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dc to dc converter chip

Discussion in 'General Electronics Discussion' started by Dkcorey, Mar 23, 2012.

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  1. Dkcorey

    Dkcorey

    3
    0
    Mar 23, 2012
    I'm trying to convert a voltage that varies between 0-50mv dc to a linearly corresponding voltage between 0-5 vdc.

    Is there an IC that will do this?

    Thanks

    dave corey
     
  2. BobK

    BobK

    7,682
    1,687
    Jan 5, 2010
    Yes, an opamp. You want to make a non-inverting amplifier with a gain of 100. This is quite simple. Use the non-inverting amplifier with feedback configuration shown in this article, with Rv = 99 * Rg to get a gain of 100.

    http://en.wikipedia.org/wiki/Operational_amplifier

    Bob
     
  3. Dkcorey

    Dkcorey

    3
    0
    Mar 23, 2012
    I was going to use an opamp, but I understand that they need a both positive and a negative power supply. Is there a way around that?
     
  4. timothy48342

    timothy48342

    218
    1
    Nov 28, 2011
    If you have a nice solid supply voltage greater than 5V dc and also a small varying dc voltage signal in the 0-5mV range, then yes, easy, all you need is to amplify it as BobK described.

    However if all you have is the varying 50mV as your only power source and you want to step it up to 5V, that's a lot tougher. (a LOT tougher)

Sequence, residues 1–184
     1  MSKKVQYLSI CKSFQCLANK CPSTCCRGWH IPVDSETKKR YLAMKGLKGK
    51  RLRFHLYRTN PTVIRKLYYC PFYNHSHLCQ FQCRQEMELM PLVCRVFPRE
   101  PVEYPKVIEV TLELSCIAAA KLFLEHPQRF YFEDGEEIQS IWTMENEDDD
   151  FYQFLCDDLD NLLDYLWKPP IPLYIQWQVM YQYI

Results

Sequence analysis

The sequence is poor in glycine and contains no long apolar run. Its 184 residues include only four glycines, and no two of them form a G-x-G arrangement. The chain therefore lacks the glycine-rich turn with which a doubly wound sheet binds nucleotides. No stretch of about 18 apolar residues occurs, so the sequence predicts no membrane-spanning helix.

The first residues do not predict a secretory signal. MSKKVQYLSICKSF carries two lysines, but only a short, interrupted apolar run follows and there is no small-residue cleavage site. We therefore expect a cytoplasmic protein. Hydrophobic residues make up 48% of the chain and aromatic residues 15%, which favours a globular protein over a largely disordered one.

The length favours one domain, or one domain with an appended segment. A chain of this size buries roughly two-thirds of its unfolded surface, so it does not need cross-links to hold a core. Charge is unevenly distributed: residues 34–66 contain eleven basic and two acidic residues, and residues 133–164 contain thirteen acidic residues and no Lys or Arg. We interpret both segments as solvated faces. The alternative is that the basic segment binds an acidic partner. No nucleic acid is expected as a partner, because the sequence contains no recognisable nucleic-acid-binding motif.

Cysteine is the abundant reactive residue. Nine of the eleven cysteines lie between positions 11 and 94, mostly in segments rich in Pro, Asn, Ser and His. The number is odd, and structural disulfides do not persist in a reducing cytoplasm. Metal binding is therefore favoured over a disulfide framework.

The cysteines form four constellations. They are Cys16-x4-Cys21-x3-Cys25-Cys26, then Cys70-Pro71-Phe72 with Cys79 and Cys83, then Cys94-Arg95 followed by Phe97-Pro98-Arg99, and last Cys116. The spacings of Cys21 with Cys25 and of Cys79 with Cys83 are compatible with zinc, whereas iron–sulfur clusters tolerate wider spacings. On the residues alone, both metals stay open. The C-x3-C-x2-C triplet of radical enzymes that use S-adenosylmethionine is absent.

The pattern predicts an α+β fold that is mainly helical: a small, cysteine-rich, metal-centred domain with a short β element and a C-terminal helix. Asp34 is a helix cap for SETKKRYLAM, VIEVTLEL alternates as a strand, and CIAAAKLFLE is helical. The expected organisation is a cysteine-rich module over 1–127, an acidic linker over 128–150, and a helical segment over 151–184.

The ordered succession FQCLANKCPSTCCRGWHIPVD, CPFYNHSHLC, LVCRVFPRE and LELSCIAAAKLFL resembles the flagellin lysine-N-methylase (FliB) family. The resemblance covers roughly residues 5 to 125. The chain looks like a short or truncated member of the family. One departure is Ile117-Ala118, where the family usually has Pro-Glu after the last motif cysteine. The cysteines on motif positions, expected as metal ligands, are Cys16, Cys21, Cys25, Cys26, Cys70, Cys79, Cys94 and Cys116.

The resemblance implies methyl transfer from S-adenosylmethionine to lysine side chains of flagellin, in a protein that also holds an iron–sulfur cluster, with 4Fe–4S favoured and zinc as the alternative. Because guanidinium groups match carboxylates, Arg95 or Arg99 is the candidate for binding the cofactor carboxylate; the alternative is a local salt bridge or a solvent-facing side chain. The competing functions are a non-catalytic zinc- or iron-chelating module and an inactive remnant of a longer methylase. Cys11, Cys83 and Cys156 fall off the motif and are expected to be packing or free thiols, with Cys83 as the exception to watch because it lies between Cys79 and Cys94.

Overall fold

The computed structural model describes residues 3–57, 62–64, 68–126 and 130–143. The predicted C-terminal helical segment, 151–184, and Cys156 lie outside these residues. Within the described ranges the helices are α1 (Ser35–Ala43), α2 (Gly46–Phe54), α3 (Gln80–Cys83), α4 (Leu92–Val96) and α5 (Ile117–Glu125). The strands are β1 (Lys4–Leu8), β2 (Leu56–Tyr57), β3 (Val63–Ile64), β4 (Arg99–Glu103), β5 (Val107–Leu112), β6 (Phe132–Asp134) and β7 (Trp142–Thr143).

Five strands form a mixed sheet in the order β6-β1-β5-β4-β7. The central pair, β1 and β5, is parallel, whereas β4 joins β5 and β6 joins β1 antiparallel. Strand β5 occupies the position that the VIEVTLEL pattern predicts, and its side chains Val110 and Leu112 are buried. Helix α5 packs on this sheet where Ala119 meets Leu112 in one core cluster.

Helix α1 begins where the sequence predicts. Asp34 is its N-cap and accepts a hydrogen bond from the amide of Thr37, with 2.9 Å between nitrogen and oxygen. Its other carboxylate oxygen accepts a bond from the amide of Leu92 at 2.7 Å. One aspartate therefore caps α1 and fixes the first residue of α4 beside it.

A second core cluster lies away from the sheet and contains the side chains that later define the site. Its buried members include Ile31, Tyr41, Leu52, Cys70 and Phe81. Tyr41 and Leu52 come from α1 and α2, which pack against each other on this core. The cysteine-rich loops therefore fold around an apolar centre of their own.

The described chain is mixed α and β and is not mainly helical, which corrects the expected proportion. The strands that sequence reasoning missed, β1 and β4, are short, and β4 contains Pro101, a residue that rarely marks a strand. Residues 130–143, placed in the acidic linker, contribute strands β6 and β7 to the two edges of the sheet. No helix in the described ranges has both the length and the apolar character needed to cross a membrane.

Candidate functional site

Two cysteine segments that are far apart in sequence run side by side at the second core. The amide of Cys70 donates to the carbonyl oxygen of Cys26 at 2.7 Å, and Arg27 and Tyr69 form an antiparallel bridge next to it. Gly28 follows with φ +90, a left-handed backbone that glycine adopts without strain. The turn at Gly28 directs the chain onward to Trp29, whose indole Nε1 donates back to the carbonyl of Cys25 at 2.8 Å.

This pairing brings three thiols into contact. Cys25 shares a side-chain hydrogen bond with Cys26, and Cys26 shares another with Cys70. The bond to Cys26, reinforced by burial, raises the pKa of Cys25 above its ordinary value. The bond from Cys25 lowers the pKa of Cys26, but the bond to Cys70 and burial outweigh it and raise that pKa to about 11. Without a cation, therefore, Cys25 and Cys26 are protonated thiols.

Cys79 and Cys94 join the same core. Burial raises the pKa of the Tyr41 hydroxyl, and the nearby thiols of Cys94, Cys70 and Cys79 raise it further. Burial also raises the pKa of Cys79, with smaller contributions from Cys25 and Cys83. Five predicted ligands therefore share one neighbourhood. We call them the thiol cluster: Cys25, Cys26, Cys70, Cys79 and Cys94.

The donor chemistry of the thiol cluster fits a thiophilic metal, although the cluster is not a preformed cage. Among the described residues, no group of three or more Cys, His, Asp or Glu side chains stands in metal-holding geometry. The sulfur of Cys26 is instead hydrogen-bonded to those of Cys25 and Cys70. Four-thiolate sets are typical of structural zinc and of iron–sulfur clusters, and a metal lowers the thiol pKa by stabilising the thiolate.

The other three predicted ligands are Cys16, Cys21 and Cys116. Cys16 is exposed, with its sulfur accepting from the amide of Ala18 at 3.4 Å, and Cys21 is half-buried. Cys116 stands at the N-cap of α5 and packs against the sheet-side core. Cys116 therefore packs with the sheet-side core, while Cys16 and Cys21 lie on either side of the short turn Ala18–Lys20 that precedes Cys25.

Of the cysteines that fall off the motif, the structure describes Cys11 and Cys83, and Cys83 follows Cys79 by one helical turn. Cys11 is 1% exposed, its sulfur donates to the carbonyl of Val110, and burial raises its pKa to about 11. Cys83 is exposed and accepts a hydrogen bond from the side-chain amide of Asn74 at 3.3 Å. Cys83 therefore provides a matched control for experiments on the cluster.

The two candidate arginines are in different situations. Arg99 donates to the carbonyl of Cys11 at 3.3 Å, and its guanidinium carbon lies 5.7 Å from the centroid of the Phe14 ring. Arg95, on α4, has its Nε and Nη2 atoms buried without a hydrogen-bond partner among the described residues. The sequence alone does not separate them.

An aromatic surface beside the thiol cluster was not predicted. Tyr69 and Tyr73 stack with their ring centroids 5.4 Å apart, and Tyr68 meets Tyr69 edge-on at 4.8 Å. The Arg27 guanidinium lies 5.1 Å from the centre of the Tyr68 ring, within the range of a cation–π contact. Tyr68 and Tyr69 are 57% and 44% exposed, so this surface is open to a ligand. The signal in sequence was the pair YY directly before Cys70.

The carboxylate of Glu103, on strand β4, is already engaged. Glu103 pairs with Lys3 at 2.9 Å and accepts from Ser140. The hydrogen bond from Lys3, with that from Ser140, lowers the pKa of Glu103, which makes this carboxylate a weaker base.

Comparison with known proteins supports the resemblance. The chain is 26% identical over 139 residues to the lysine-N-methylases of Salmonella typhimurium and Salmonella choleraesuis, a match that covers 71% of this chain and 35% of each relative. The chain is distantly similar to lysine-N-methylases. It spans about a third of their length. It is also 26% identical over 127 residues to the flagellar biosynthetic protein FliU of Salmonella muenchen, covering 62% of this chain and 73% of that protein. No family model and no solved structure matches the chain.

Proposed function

Stepping up a dv voltage can be done in a couple ways, but you don't have much to work with to start. And you not going to get someting for nothing. If your voltage go up by a factor of 100, then the available amps will drop by a factor of at least 100. (power and energy can't increase.)

    If your starting voltage was higher, and strong, you could power an inverter to get ac(with some losses), step it up to whatever av voltage you need (and there's where the drop in amps takes place) and then rectify back to dc. (more losses there)

    But I don't know if there are any invertor circuits that can run on less than 50mV. Also how strong of a voltage signal is that? What is the "source resistance" or what is the max amps when at 50mV and does that value (those values) change as the voltage changes?

    If you can't answer the last question easily, then describe your source more. Is this a generator, thermocouple, solar cell, potatoe?

    I'm not saying it can't be done.
    --tim
     
  5. BobK

    BobK

    7,682
    1,687
    Jan 5, 2010
    opamps can be run off a single supply, in fact, I have never seen one that had 3 power connections (+V -V and gnd). The reason dual supplies are used is that the output can never really reach gnd. In older opamps they are limited to as much as 2V away from V- and V+.

    What you want is a rail-to-rail opamp that can run off 5V. Rail-to-rail means that the output voltage can swing all the way from 0v to 5V when powered by 5V. However, it cannot really reach all the way to the rails, it will be a few 10s of millivolts off if you try to draw any current at all from it. If that is acceptable, you can use a single supply.

    If you really need 0 to 5V you will need to use dual supplies of about +-7V for non-rail-to-rail or +-5.5 V for rail-to-rail amps. Pay attention to the output swing parameters in the datasheet.

    Bob
     
  6. Dkcorey

    Dkcorey

    3
    0
    Mar 23, 2012
    Got it!! Thanks for the help guys.... DC
     
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